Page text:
Will CBD Lose its Over-The-Counter Status After FDA Certification?
Future CBD OTC may be a thing of the past after FDA certification.
CBD is currently sold over the counter (OTC) in America. This is true despite the fact that it’s not officially a recognized OTC medication certified by the FDA. And yet, the availability of CBD at grocery stores, pharmacies, recreational retailers, and even pet stores, means it’s easier than ever for consumers to purchase. But, once certification comes down from the authorities, will we see CBD OTC? Or prescription only?
What is the Standard Process for OTC Qualification?
Over-the-counter medications are available without a prescription or the guidance of a health care professional. Patients pick them up at grocery stores, gas stations, and just about everywhere else that sells consumer goods. And according to Drugs.com, “OTC drugs are medications that are safe and effective for use by the general public without seeking treatment by a health professional.”
In the U.S., there are more than eighty different categories of OTC drugs. The most popular varieties are anti-inflammatories, anti-acne formulations, and cold medicines. Some medicines, while technically still classified as OTC, remain behind the counter, as health authorities have deemed them higher risk. This may be because patients need additional information from the pharmacist, or because these are at risk for theft.
Since the Food and Drug Administration (FDA) created the OTC label, many prescriptions have transitioned into OTC status. These drugs have met all the necessary conditions, including the following:
- They have a low potential for misuse and abuse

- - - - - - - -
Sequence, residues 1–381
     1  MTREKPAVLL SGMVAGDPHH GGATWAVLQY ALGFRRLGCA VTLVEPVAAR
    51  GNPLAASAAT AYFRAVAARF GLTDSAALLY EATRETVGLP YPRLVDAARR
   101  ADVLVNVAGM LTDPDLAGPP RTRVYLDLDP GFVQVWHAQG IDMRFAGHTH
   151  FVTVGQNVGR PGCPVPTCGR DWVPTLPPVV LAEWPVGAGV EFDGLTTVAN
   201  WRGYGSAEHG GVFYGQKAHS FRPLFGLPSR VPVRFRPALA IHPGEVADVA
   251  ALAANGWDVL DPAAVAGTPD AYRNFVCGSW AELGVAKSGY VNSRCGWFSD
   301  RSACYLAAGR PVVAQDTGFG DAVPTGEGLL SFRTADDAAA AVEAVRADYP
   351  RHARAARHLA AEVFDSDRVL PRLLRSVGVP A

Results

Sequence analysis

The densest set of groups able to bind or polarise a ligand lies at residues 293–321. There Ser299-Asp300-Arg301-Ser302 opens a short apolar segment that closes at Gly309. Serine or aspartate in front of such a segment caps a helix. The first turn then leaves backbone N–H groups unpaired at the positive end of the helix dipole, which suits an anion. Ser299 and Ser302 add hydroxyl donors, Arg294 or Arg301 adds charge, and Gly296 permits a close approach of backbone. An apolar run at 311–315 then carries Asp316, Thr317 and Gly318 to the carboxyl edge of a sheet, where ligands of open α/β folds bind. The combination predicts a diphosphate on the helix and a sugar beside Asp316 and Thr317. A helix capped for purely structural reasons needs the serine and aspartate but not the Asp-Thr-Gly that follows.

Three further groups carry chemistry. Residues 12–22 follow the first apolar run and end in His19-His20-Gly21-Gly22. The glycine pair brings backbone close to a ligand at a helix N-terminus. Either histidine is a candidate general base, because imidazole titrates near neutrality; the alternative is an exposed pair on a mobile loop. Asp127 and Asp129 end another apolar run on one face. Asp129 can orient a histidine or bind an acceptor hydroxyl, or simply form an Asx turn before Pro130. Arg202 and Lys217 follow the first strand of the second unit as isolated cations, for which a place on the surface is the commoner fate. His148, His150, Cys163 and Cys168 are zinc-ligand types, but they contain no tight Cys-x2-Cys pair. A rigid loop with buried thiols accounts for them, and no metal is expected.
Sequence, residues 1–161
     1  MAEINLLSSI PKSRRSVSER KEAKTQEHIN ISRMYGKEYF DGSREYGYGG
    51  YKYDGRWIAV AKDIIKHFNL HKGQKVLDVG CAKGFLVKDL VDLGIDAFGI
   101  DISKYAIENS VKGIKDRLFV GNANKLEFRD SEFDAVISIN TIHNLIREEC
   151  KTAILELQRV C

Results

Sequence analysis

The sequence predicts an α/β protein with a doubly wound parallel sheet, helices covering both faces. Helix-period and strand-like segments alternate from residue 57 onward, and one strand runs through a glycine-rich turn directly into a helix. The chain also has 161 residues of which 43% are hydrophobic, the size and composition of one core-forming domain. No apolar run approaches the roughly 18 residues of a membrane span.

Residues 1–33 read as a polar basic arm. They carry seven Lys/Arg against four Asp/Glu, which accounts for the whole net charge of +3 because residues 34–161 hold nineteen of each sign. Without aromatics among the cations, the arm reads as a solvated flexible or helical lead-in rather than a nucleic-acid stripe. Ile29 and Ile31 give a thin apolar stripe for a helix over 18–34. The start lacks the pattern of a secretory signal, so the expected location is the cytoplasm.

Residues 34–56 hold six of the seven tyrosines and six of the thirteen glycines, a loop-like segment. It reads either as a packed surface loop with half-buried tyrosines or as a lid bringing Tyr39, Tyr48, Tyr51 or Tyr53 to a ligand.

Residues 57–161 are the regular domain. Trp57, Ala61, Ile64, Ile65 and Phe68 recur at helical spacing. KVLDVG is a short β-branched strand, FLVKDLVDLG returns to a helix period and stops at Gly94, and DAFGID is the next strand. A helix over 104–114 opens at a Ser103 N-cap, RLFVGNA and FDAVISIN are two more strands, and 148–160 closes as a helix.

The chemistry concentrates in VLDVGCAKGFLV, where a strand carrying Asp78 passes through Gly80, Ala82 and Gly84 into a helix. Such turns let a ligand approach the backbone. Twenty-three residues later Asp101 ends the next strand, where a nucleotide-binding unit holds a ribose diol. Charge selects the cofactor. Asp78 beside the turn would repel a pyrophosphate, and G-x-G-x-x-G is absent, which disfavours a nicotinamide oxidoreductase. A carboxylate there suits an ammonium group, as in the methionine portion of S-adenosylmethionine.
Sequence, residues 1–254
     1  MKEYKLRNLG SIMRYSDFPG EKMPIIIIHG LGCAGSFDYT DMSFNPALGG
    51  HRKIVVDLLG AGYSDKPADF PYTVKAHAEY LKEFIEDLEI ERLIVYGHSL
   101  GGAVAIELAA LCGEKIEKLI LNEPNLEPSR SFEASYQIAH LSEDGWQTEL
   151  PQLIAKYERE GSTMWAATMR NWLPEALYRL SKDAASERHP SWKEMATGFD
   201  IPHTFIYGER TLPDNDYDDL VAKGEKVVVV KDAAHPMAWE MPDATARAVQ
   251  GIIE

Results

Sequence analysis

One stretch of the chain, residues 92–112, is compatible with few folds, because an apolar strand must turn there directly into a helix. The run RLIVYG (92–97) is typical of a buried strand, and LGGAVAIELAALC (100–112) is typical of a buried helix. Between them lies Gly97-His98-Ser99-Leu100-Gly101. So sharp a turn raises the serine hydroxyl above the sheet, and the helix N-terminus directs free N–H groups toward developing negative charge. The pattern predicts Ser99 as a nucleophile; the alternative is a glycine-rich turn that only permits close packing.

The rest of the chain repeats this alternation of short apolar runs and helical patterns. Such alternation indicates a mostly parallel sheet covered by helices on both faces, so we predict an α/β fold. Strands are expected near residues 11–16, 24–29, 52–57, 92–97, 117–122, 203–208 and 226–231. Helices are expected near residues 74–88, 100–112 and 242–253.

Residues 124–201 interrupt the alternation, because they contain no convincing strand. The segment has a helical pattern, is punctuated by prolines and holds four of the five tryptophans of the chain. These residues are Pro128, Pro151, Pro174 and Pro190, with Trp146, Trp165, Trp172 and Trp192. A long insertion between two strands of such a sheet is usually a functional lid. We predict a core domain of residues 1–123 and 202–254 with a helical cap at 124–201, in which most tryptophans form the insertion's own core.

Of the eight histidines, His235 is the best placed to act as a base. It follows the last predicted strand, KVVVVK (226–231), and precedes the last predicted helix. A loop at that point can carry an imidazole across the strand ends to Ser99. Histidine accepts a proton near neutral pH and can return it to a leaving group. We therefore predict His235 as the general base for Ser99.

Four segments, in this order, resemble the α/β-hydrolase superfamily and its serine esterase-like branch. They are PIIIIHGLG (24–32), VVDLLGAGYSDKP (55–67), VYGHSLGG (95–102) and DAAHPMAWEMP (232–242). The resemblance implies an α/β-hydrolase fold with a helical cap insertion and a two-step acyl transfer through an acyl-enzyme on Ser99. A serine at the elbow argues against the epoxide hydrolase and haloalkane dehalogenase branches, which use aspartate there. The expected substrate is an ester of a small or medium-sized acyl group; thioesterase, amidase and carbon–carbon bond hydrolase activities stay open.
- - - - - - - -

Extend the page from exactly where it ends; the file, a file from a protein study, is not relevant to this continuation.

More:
- They’re suitable for self-diagnosed conditions
- The consumer can use them safely and effectively without a health care provider’s instruction
- Adequate labelling
Based on these standards, CBD should be certified, right? So what’s holding them back?
What’s Holding Back CBD OTC Certification?
The FDA has been studying CBD for years, but as of the last update in March 2020, it still has not released any specific recommendations or guidelines for selling CBD to consumers and patients.
As per the most recent update, the FDA says, “It is currently illegal to market CBD by adding it to a food or labeling it as a dietary supplement,” and “some CBD products are being marketed with unproven medical claims and are of unknown quality.”
Until the FDA is satisfied that the drug is safe, suitable for self-diagnosed conditions, and meets all the other OTC criteria, CBD’s status will remain in limbo.
One of the biggest issues holding the FDA back is the question of dosing CBD.
Unlike other OTC medications, dosing CBD can be more complicated. After all, more CBD doesn’t necessarily equate with more relief. All cannabinoids seem to have pharmacological action based on a bell-shaped dose-response curve.
Multiple variables influence the perfect dose for each individual. These include:
- body mass index
- other medications
So therefore, even if the side effects are generally negligible, it’s not as easy to predict a proper CBD dose as other common OTC medications, like acetaminophen or a cold medicine. But what might the side effects of CBD include? And are these worse than other OTC medicines?